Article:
Shares of Skyworks Solutions (NASDAQ: SWKS) fell by 16% in November, according to data from S&P Global Market Intelligence , after the company reported fiscal fourth-quarter earnings results. Mounting fears regarding demand for Apple 's newest iPhones also likely contributed to the decline.
Revenue in the fourth quarter had hit a record $1 billion, resulting in non- GAAP earnings per share of $1.94. That bottom-line result topped the company's own guidance by $0.03 per share. Non-GAAP gross margin expanded 30 basis points on a sequential basis and came in at 51.2% for the quarter. Fiscal 2018 revenue grew 6% to $3.9 billion, and Skyworks continues to work on 5G wireless technologies.
However, guidance left a bit to be desired , particularly as investors worry that demand for the latest iPhones may be lukewarm. Representing a full 47% of sales last fiscal year, Apple is by far Skyworks' largest customer.
Skyworks issued a forecast for the fiscal first quarter calling for revenue in the range of $1 billion to $1.02 billion, which should translate into non-GAAP earnings per share of $1.91. Notably, Skyworks pointed to "unit declines in premium smartphones" as a contributing factor in the outlook. Other notable iPhone suppliers have similarly been issuing their own warnings regarding the coming quarter, forming a constellation of data points that is only exacerbating investor sentiment around the Mac maker and its suppliers.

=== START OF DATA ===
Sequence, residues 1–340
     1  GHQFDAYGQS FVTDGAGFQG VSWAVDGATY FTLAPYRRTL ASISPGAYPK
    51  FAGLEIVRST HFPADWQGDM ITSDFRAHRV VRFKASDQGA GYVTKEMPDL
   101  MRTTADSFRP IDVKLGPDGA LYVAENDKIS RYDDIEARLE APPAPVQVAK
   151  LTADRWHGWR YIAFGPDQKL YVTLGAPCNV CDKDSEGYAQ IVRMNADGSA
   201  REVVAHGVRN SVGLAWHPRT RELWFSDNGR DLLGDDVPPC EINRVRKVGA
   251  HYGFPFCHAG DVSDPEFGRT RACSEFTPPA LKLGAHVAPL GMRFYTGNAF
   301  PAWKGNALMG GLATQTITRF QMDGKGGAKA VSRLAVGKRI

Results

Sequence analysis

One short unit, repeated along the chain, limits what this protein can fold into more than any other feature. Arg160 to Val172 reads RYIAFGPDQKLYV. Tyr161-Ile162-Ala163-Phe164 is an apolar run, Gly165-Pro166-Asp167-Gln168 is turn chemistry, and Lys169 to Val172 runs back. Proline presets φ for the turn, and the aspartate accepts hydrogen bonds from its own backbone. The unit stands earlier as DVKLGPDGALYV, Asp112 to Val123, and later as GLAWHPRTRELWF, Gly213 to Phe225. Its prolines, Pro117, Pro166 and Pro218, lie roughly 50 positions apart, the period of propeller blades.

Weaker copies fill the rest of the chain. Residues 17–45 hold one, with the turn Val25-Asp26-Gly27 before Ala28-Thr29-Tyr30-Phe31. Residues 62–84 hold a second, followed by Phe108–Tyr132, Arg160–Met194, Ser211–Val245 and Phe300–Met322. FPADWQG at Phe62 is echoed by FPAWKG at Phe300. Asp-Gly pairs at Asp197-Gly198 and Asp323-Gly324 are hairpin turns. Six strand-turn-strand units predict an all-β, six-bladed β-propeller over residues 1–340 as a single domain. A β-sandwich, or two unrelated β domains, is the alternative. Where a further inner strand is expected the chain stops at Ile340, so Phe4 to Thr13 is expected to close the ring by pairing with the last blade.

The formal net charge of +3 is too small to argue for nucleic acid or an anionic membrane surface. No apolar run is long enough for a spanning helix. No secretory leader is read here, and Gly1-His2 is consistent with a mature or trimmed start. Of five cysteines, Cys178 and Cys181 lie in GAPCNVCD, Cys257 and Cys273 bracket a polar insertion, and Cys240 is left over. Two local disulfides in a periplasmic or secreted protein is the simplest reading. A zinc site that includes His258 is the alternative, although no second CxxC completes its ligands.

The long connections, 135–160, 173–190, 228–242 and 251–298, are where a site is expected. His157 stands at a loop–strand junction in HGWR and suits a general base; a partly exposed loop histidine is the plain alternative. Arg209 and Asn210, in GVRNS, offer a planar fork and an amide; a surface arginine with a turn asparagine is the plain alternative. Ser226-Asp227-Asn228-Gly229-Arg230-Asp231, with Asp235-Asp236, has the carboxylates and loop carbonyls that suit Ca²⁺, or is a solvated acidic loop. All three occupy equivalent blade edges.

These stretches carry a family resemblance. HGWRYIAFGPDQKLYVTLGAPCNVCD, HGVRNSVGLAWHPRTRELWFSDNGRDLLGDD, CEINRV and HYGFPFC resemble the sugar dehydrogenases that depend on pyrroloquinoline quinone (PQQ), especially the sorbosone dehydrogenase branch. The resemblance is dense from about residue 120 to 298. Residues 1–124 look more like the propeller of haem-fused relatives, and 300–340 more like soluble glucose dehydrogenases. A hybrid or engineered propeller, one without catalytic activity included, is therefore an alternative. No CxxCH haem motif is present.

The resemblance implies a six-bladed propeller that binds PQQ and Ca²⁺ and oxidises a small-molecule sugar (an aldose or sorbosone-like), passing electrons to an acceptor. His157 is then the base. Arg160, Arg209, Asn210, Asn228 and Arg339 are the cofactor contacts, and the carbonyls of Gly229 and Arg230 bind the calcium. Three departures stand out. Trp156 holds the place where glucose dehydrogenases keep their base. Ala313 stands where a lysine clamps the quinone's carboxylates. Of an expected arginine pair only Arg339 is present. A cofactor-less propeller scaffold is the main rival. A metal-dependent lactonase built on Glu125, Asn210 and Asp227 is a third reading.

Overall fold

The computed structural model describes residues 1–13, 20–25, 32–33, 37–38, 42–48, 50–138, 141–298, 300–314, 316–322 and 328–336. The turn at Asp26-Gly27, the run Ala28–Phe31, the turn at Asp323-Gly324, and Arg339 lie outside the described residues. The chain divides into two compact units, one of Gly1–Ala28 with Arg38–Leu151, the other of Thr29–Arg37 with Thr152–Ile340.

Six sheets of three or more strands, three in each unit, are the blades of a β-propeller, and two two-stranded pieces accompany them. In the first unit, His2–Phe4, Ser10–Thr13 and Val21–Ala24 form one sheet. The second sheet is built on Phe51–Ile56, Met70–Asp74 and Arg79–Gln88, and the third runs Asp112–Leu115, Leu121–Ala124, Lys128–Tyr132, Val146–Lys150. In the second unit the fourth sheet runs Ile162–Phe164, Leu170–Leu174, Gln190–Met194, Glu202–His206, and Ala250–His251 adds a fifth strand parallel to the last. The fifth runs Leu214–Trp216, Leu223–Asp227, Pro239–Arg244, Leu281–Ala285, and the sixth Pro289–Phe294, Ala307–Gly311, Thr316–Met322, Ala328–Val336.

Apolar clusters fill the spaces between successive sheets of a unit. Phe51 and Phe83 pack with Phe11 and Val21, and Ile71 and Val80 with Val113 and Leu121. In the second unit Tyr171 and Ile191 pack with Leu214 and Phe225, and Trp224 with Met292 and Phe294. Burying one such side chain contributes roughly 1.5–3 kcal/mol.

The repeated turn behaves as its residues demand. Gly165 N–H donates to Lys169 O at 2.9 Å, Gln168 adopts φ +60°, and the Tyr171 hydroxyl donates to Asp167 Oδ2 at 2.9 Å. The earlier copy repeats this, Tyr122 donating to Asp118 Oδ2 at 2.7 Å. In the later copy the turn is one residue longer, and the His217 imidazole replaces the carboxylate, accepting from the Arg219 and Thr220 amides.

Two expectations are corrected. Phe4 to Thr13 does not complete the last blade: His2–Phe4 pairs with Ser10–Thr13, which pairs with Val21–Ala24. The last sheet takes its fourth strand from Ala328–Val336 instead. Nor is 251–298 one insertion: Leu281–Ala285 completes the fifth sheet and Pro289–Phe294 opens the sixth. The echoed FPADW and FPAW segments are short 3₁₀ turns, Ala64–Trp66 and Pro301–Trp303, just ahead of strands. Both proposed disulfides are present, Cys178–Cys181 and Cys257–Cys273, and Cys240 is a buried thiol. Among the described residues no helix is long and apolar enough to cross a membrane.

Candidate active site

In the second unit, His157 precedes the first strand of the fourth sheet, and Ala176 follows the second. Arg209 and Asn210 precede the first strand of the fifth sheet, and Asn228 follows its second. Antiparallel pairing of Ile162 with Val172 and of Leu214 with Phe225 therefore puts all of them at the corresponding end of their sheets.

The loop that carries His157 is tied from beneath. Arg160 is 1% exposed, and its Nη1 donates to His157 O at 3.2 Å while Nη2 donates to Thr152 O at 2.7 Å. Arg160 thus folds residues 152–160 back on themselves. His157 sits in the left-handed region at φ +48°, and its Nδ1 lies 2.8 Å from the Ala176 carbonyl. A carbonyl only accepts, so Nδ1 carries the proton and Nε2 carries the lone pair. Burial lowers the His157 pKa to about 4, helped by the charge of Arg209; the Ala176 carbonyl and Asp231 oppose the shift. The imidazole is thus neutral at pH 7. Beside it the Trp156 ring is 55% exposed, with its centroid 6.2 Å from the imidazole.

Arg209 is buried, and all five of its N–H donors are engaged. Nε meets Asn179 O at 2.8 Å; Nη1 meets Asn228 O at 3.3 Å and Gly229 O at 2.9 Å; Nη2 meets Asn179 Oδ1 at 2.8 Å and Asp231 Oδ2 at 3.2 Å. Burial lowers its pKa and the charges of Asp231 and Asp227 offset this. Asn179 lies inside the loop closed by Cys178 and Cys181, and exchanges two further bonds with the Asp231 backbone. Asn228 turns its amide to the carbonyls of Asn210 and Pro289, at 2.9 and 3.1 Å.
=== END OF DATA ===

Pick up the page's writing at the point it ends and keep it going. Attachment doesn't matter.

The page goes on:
On the earnings call last month , Skyworks CEO Liam Griffin assured analysts that the company's "content position is solid," so it's not that Skyworks is losing design wins at Tier 1 manufacturers to competitors. "So it's not a case where we fumbled and didn't execute or weren't able to win the sockets that we pursued," Griffin added. While Apple has for years been trying to shift a core part of its investing thesis toward its services business, hardware component suppliers don't have that luxury, so the global smartphone market's slowing growth will weigh on those companies' prospects.
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Evan Niu, CFA owns shares of AAPL. The Motley Fool owns shares of and recommends AAPL and Skyworks Solutions. The Motley Fool has the following options: long January 2020 $150 calls on AAPL and short January 2020 $155 calls on AAPL. The Motley Fool has a disclosure policy .